Aug 03, 2016 rated it it was amazing
I read this over a two day span in college when I was home for winter break. We had a power outage so I found the sunniest room in the house and read all day. Although I prefer Kingsolver's works about the American southwest, this remains one of the most fascinating books I have ever read. ...more

The forest eats itself and lives forever.
Image: “The Trees Have Eyes” by Angela Wright

There is magic in these pages. Not the supernatural kind. Not the magical-realism kind. But magic of language and of the TARDIS kind: by some strange sorcery, many huge themes are thoroughly but lightly explored in single volume that is beautiful, harrowing, exciting, tender, occasionally humorous, and very approachable.

We messengers of goodwill adrift in a sea of mistaken intentions.

Freedom and Forgivenes
Jun 24, 2008 rated it it was ok
Shelves: library-book
I had a hard time choosing between 2 and 3 stars -- really, it should be 2.5. I thought the prose was quite lovely; Kingsolver has a nice voice. I enjoyed reading about a part of the world of which I have no experience. The description of the clash of cultures was well done.

However. The author had an agenda and she really didn't mind continually slapping us in the face with it. Now, I don't pretend the US hasn't made mistakes and won't continue on making mistakes. But to equate one group of peo
Jun 08, 2019 rated it it was amazing  ·  review of another edition
Shelves: favourites, american
Avoidable Self-Abuse

Women put up with a great deal from men. This is a truism which can’t be reinforced too frequently, if only to remind women that they often collaborate with masculine arrogance to their own - and the world’s - disadvantage. Getting out from under, as it were, requires hitting them where it hurts - not in the private parts but in the intimacies of family life. Essentially, men have no defense against feminine dismissal of their pretensions as merely foolish.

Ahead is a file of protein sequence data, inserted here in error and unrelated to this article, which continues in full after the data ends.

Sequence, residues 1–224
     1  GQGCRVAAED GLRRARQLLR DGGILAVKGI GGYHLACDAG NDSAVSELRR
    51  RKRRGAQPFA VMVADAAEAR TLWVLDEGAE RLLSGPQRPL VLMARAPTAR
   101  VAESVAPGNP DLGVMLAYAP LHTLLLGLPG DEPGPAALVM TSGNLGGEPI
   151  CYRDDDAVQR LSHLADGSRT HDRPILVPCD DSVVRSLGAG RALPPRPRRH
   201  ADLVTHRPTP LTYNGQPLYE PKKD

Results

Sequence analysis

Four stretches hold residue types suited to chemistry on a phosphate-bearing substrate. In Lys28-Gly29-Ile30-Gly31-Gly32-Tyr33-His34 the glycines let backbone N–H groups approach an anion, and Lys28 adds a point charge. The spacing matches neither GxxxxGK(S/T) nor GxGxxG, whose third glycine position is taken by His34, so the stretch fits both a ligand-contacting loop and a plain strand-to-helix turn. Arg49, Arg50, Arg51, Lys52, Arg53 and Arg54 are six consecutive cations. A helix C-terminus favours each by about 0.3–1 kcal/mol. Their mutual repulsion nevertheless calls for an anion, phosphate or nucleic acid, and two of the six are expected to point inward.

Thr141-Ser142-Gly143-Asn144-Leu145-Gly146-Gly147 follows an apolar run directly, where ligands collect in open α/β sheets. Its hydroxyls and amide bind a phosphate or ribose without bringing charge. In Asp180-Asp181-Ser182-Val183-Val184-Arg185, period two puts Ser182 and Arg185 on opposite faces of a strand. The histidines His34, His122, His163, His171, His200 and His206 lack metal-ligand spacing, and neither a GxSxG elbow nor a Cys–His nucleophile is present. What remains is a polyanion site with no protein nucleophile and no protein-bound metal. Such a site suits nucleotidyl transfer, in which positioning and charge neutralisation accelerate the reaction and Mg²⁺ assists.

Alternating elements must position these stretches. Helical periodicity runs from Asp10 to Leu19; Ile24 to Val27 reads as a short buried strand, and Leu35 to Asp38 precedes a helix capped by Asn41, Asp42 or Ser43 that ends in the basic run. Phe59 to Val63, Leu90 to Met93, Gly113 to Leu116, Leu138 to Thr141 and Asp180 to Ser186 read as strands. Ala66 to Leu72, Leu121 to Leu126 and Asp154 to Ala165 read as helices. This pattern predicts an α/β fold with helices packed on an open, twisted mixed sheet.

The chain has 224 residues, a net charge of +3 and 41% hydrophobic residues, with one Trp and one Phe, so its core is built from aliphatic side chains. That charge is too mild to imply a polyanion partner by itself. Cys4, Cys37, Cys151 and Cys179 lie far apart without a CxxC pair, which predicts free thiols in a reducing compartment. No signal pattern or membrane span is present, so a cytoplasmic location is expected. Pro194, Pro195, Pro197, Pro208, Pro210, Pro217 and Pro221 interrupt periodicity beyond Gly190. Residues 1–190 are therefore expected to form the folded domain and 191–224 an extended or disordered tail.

Most of the common
Aug 21, 2016 rated it liked it  ·  review of another edition
Shelves: fiction, dr-congo

I am the oldest sister and a typical teenage girl, oh-jeez-oh-man. All I want is to go back to Georgia and kiss boys outside the soda bar, but instead here I am stuck in the Congo with unconditioned hair and ants and caterpillars and scary-but-with-a-heart-of-gold black people. Jeez Louise, the life of a missionary's daughter. Also I make a whole lot of hilarious Malabarisms, that's just one of the tenants of my faith. There's two of them now! Man oh man.


The other day, Anatole rushed i
Paul Bryant
Dec 29, 2007 rated it liked it
Shelves: novels
Reviewing in the face of the great billows of love projected towards this novel is a hapless task, your hat blows off and your eyes get all teary and if you say one wrong thing small children run out of nowhere and stone you or just bite your calves. So I shall this one time sheathe my acid quill. But I can't resist just a couple of little points though -

1) you have to suspend great balefuls of disbelief. These kids, they're awfully highfalutin with their fancy flora and fauna and fitful forensi
Jennifer ~ TarHeelReader
5 epic, no wonder this book is so well-loved stars, to The Poisonwood Bible! ⭐️ ⭐️ ⭐️ ⭐️ ⭐️

Review of the audio. 🎧

The Price family, including minister father, Nathan, mother, Orleanna, and four daughters, traveled to the Belgian Congo in the late 1950s to serve a Baptist mission. The mom and daughters are the narrators, and I enjoyed the audio narrator’s voices for each of the characters (even her southern accent wasn’t too off the mark!). I do have to warn for audio fans, there were so many ch
Alisa Muelleck
Mar 07, 2008 rated it did not like it